Rebates are really concerning. Imagine one recruiter places 20 contractors in May 2023 with an umbrella company. Each worker uses the umbrella for 12 weeks, and the recruiter receives £10 per payslip that is processed. We’ll do the maths – the recruiter stands to pocket £2,400. Now imagine if this is just an average month for the recruiter and they do the same throughout the year – they could earn over £25,000 in rebates alone, not factoring in their salary or any additional commission.

We are not against the recruitment sector, and we appreciate the hard work and ethical mindset 99.9% of professionals in the industry have. However, it is worrying that recruiters are profiting well after a contractor has been placed, and they’re technically profiting at the contractor’s expense.

The leading recruitment agencies in the UK will have a carefully vetted Preferred Supplier List (PSL) – a list of umbrella companies that they recommend because they provide a compliant and efficient service. Therefore, while it’s important every temporary worker conducts due diligence before joining an umbrella, an agency’s PSL is usually a very helpful tool. However, it is worth understanding rebates, because an agency with a PSL could be benefiting from rebates if you selected an “approved umbrella” of theirs.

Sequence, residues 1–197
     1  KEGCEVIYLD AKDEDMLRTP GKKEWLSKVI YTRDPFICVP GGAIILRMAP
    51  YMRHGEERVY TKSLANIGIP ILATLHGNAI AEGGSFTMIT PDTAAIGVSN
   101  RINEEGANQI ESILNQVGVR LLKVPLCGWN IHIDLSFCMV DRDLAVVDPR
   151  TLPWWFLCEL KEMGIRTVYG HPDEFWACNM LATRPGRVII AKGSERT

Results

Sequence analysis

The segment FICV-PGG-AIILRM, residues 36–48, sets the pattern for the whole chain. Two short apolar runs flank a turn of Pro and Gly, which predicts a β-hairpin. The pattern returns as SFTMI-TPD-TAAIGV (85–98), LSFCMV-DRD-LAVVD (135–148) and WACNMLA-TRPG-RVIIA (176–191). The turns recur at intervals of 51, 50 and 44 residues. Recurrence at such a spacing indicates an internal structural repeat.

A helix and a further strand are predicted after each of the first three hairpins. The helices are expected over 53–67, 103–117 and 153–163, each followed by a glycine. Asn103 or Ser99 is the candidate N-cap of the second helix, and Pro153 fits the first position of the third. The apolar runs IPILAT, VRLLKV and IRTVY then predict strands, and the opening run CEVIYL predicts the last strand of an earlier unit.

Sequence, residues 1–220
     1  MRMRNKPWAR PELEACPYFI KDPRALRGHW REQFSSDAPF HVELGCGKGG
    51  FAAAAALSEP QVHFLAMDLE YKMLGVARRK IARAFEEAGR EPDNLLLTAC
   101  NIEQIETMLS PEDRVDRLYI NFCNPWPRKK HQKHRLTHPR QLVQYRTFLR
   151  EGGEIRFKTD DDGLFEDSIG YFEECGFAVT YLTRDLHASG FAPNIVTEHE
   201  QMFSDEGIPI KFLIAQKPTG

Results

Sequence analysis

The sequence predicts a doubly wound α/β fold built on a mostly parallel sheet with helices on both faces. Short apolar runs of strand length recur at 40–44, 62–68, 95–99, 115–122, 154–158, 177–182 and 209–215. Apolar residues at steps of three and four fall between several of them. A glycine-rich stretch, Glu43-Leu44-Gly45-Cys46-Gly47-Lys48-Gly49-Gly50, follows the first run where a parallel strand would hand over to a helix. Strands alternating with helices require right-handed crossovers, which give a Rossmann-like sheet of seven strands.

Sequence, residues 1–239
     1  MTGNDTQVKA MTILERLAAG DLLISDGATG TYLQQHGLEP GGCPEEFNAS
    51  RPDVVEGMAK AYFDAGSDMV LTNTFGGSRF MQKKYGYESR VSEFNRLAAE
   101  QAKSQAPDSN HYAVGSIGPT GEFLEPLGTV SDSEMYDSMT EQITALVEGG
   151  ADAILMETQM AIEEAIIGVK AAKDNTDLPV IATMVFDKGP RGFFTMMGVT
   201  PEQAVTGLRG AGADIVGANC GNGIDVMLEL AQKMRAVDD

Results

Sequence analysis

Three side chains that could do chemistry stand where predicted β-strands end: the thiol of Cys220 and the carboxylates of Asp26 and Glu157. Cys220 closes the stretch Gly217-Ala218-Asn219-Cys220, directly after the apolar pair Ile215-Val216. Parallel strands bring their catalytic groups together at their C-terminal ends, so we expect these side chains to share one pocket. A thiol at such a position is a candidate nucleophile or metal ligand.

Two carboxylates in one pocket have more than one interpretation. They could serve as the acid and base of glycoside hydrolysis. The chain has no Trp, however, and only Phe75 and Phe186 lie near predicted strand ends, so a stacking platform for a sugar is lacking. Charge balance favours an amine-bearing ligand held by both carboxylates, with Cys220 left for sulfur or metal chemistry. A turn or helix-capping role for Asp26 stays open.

Seek an umbrella that provides you with value for money

Umbrella company margins typically vary between £10 and £30 per week. £30 per week does not necessarily mean you are getting a bad deal. For example, if the umbrella provides loads of extras that you can utilise, such as an employee reward scheme and salary sacrifice for pensions – you could be getting a wonderful deal. However, others are taking advantage of hard-working contractors and freelancers. Hopefully, this article will help you find a good value margin for your circumstances.

It’s important that you never feel pressured into registering with an umbrella company you don’t want to use, or you think is offering an inflated margin. Carry out thorough due diligence, and whatever happens, never be tempted to use a tax avoidance scheme!

Top 10 umbrella companies

If you’re looking for a new umbrella company, please visit our top 10 umbrella companies. They are accredited by the FCSA or Professional Passport, and some have special offers at the moment that you won’t want to miss!

Click here to see our top 10 umbrella companies!